Dealing with misconceptions.
There are a whole range of misconceptions that creep into the wider educational debate, as clearly laid out and challenged in numerous books (see, for example, Seven Myths about Education – Christodoulou; The researchED Guide to Educational myths – Barton). However, there are also many misconceptions that appear within the classroom. In geography these often include the following:
- A hole in the ozone layer causes global warming
- Africa is a country (normally followed by a cry of anguish from the teacher)
- Development is binary (you are either an HIC or LIC)
- The Equator is the hottest part of the world because it is closest to the sun (2 for the price of 1 there)
- Tectonic plates are destructive in and of themselves
- Tertiary jobs are always better (paid, qualified, skilled)
- The greenhouse effect is a bad thing
- Plastic waste causes climate change
The fact that these misconceptions seem to persist and keep cropping up again and again, year after year with new sets of students made me think, where do these ideas come from, and how do we deal with them more effectively so that they don’t perpetuate?
Thinking about this has led me to what I see as 4 stages in the development and removal of misconceptions:
Formation – where misconceptions come from
Sometimes this may be because of my own failure to adequately explain a concept, using imprecise language, or examples and explanations that confuse students more than aid them. When teaching, we must remember that students already have their own schemata into which they will incorporate any new information we give them. Enabling students to hang this new information onto relevant knowledge that they already possess is therefore key, otherwise, if we do not fully articulate the correct links to prior learning or fail to explain the new information adequately, they will just hang it onto whatever makes most sense to them, whether that is actually correct or not. However, these misconceptions can also come from anywhere else in life – conversations had at home, social media posts that have been read, information that has been heard or perceived in the media (including films and TV – a veritable mine-field of misinformation and misconception building dross). As students try to piece together all of this information that they are constantly being bombarded with, they are inevitably going to misinterpret some of what they encounter, bringing misconceptions into being.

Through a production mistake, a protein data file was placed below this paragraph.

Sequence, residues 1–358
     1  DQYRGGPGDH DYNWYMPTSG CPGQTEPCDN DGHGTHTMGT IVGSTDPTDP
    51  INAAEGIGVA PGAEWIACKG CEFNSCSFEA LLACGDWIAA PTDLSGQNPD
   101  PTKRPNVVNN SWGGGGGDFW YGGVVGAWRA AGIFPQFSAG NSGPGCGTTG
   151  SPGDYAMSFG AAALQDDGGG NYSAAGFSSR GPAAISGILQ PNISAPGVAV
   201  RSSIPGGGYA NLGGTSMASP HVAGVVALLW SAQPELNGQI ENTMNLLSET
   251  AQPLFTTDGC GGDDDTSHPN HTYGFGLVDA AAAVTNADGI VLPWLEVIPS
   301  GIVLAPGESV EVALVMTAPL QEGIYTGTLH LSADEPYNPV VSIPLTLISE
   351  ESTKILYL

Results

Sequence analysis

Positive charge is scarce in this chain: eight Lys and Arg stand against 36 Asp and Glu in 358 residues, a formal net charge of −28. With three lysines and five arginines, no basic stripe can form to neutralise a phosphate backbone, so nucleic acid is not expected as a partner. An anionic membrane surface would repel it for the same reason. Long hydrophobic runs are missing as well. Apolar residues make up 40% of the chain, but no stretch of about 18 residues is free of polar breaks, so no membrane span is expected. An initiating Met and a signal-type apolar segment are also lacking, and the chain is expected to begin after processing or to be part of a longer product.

Embedding – why they persist
The problem with misconceptions is that once they have been formed, they often sit there under the surface without ever being identified. Unless the student is given a piece of information that challenges a misconception, they will just carry on believing that piece of ‘knowledge’ to be true. The longer that this misconception goes unnoticed, the deeper it becomes embedded in a students’ schemata as more and more pieces of information become connected to this misconception. For example, even though I never teach about the ozone layer and in the past have actively avoided mentioning it so as to not confuse the students and introduce a potential for misconception generation, there are always a number of students who write about the ozone layer when tasked with writing about the enhanced greenhouse effect and climate change. It is now my belief that this can only be because they have picked up information about the ozone layer somewhere else and incorporated it into their schemata, and because it has never been challenged by the expert (me), then they have assumed that it must be right. In order to prevent misconceptions embedding themselves further and further like this, two things therefore need to be done…